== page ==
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The Speed of Sound: Think Twice about DVT and a Negative US

Butts, Christine MD

doi: 10.1097/01.EEM.0000512764.70011.dc
The Speed of Sound

Dr. Buttsis the director of the division of emergency ultrasound and a clinical assistant professor of emergency medicine at Louisiana State University at New Orleans. Follow her on Twitter @EMNSpeedofSound, and read her past columns at



I described a case report about a year ago of a missed DVT that ended tragically for the physicians involved. (EMN 2016;38[1]:1; A young woman presented to the ED with complaints suggestive of DVT and had repeated negative ultrasounds. Shortly afterwards, she died from a pulmonary embolism. (J Emerg Med 2015;48[2]:158.)

I wondered back then how many of us were using ultrasound inappropriately, relying on it alone to rule out DVT. Obviously, no test is perfect. The usefulness of a test is often not straightforward; instead it's a combination of terms we may not think about much, like sensitivity and prevalence. For most of us, when we think DVT, we think ultrasound, irrespective of its shortcomings.

I get a variety of responses, most of them negative, when I bring up D-dimer with my residents. Best-case scenario, they groan in protest. Worst case, they say, “I know it's going to be positive.” Regardless of its perception, D-dimer remains a component of algorithms in diagnosing DVT. Most studies on limited compression ultrasound (in comparison with whole leg compression, which is much more extensive) include clinical probability and a measurement of D-dimer. (New Engl J Med 2003;349[13]:1227.) Recently, we had a case in our ED that seemed, like the case above, to strengthen the argument not just for ordering the D-dimer but also for considering further action beyond ultrasound.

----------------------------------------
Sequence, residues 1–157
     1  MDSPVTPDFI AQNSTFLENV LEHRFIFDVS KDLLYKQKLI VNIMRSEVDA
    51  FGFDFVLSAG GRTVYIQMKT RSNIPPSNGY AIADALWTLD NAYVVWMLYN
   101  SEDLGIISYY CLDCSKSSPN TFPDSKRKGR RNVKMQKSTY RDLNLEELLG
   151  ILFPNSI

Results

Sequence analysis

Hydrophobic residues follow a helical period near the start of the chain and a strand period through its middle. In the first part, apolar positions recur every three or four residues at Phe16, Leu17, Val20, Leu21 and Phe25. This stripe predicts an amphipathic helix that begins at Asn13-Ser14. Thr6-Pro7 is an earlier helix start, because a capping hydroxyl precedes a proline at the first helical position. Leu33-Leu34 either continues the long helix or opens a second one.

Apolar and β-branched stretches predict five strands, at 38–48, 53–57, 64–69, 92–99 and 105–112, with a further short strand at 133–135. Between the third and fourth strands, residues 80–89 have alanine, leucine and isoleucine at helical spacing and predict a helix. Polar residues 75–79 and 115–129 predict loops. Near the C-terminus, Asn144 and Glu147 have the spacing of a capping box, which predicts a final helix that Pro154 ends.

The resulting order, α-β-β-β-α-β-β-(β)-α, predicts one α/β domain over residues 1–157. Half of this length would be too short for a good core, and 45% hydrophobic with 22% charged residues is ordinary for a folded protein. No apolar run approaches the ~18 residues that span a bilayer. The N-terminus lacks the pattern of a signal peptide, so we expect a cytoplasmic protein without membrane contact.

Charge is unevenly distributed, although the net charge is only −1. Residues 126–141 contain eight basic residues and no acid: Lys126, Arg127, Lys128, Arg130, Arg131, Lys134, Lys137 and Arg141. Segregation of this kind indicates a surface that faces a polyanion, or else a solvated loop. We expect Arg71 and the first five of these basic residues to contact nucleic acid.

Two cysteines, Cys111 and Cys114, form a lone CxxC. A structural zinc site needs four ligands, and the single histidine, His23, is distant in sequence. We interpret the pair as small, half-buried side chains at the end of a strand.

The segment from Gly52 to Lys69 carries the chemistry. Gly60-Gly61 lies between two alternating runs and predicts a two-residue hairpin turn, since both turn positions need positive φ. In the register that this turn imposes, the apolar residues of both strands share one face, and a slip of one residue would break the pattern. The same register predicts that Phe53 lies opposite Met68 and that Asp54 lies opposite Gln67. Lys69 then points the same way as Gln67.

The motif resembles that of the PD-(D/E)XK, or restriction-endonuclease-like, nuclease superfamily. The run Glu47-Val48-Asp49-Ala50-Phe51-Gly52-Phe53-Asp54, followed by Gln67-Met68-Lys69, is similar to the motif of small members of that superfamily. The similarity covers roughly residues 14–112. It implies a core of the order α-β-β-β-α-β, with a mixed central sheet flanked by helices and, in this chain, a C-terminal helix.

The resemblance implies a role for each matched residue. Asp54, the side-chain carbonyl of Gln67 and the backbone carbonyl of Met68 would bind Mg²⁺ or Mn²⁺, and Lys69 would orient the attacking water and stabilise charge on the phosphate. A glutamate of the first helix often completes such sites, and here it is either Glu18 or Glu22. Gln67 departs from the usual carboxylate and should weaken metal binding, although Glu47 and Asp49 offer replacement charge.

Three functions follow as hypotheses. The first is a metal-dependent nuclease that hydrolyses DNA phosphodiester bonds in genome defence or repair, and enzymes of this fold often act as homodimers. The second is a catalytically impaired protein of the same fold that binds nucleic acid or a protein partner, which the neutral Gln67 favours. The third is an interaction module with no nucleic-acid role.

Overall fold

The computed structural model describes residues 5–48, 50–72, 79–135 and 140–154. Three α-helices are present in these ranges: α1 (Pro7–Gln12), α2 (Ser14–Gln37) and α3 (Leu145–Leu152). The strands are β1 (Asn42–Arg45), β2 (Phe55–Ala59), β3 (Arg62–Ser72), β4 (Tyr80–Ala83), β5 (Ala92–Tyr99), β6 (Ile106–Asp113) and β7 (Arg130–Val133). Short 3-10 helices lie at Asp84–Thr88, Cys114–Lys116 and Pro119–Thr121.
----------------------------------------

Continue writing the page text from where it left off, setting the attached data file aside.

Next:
A 53-year-old man presented to the ED for evaluation of a possible DVT. He reported swelling and pain to his right lower leg. No recent immobilization or surgery was noted. An exam at the time of his initial visit revealed swelling to the right calf with tenderness to palpation. The remainder of the exam was unremarkable. A limited compression ultrasound alone was done at that visit, which was negative, and the patient was discharged with pain control. No D-dimer was drawn.



The patient returned a week later complaining of persistent pain and swelling. The exam at that time revealed edema and tenderness to palpation to the right lower leg as well as erythema. A repeat limited compression ultrasound was negative for DVT. A D-dimer was ordered, which was significantly elevated. The evaluating team ordered a CT with contrast of the lower extremity, primarily concerned about possible deep space infection. CT demonstrated a calf DVT with no other significant findings. The patient was started on oral anticoagulation and discharged home without further incident.

The patient in this case was likely to have a DVT based on his initial clinical presentation. By this designation (and the algorithm referenced above), a limited compression ultrasound and a D-dimer would have been appropriate. If the original D-dimer had been positive, which I suspect it would have been, repeating the ultrasound after one week would have been appropriate. The real sticking point in this case was the second negative ultrasound in the face of high clinical suspicion and a positive D-dimer. Ultimately, and possibly surprisingly, CT made the diagnosis in this case when ultrasound failed.

This case raises additional concerns about the use of ultrasound, particularly in our high-risk patients. If they are likely to have a DVT based on clinical exam and judgment and the D-dimer is positive, is it enough to stop with limited compression ultrasound? Two cases certainly don't constitute a preponderance of evidence, but it's enough to make me think.

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